Last week saw the Labour Party conference in full swing and leading with its slogan ‘for the many and not the few’ but where do migrants and immigration fit into this mantra?
BY FIZZA QURESHI
Post-Brexit immigration policy?
The Labour Party surprised its delegates and others for the lack of debate on Brexit at the conference. While it did at the nth hour, release a document that described what kind of Brexit Labour wants, it said little to nothing about what kind of immigration system it wants or, the UK needs post-Brexit, or talk about freedom of movement.
Whilst there were encouraging but very brief statements made on migrants – most notably a very moving standing ovation for EU nationals in the UK urging the government to guarantee their rights, and a renewed call for not scapegoating migrants for the ‘ills in our society’ there was little else and no detail! So are we clearer on what is Labour’s proposal for a post-Brexit immigration policy? Not by any means yet.
Saying the right things?
Jeremy Corbyn in his closing conference speech could not have put it clearer that ‘bosses are the cause of wages being driven down not migrants’- although you’d think differently having read the Labour manifesto. Statements like this are particularly welcome, when certain Labour MP’s continue to use this unfounded and inflammatory rhetoric. But how will these general statements translate into concrete policies that will improve the working and living conditions of all exploited workers?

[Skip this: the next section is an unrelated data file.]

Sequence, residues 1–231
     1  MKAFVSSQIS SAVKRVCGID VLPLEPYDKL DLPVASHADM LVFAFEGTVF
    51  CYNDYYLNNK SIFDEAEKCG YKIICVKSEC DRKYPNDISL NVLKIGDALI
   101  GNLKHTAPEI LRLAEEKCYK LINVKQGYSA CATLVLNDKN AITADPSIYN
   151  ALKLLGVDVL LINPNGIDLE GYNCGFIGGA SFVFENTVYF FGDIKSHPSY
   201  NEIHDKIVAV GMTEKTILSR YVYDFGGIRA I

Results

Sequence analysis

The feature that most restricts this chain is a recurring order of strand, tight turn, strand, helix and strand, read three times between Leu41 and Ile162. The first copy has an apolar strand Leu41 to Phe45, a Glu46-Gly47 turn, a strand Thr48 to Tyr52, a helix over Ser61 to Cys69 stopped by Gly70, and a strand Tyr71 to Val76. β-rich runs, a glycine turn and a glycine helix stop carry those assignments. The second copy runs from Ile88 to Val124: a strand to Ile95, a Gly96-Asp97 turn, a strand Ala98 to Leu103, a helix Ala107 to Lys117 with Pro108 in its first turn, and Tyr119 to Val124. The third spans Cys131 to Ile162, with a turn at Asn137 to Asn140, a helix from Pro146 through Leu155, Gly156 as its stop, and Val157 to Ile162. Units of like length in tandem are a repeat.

When Labour however then go on to using unhelpful labels of ‘low-skilled and unskilled’ workers that more than often do not accurately reflect either the skills or the work done by many migrant workers in the UK- it falls in the trap of speaking about migration only in terms of contribution’ and ‘profitability’ to the UK economy. It ends up losing the argument, and the support from migrants’ rights campaigners, if that is the only lens they see them through.
The most interesting and lively debates on either Brexit, migration or freedom of movement were held in the fringe events or parallel events held as part of The World Transformed. The breadth of discussions on these issues showed the appetite for these topics- ones that are central to the Brexit discussion, and how we want the UK’s relationship to the EU to develop.
At one fringe hosted by War on Want and Global Justice Now, the panellists discussed the need for a ‘just migration policy’ one that considered ‘open-borders’ but also the need to address the drivers of migration, so that people chose to migrate rather than having to be forced into such significant decisions.
It also highlighted how increasing borders and restrictions on migration or the conditions migrant workers end up attached to results in more exploitation not less, which suits certain nefarious employers. All aspects that are seldom discussed, and almost never by the politicians that support those restrictive policies.
Where criticism is being made of the Brexit negotiations being too slow, and complicated by different messengers in both parties, here lies the opportunity for Labour to seize the moment, and show a progressive approach to migration. One that focuses on people’s rights, and not just numbers.
Fizza Qureshi is Director of MRN